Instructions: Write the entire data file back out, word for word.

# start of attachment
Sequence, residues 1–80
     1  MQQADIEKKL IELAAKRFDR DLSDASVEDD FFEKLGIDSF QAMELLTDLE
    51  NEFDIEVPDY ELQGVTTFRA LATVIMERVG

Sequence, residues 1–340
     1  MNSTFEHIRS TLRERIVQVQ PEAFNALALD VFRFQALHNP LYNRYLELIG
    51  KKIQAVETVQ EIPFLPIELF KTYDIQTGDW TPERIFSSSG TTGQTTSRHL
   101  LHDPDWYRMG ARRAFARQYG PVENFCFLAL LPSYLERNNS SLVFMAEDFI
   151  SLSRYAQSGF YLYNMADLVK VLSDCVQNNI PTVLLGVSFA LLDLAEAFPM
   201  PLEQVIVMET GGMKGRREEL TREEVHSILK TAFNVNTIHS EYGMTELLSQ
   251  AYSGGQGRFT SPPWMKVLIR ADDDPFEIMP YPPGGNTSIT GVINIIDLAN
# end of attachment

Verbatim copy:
Sequence, residues 1–80
     1  MQQADIEKKL IELAAKRFDR DLSDASVEDD FFEKLGIDSF QAMELLTDLE
    51  NEFDIEVPDY ELQGVTTFRA LATVIMERVG

Sequence, residues 1–340
     1  MNSTFEHIRS TLRERIVQVQ PEAFNALALD VFRFQALHNP LYNRYLELIG
    51  KKIQAVETVQ EIPFLPIELF KTYDIQTGDW TPERIFSSSG TTGQTTSRHL
   101  LHDPDWYRMG ARRAFARQYG PVENFCFLAL LPSYLERNNS SLVFMAEDFI
   151  SLSRYAQSGF YLYNMADLVK VLSDCVQNNI PTVLLGVSFA LLDLAEAFPM
   201  PLEQVIVMET GGMKGRREEL TREEVHSILK TAFNVNTIHS EYGMTELLSQ
   251  AYSGGQGRFT SPPWMKVLIR ADDDPFEIMP YPPGGNTSIT GVINIIDLAN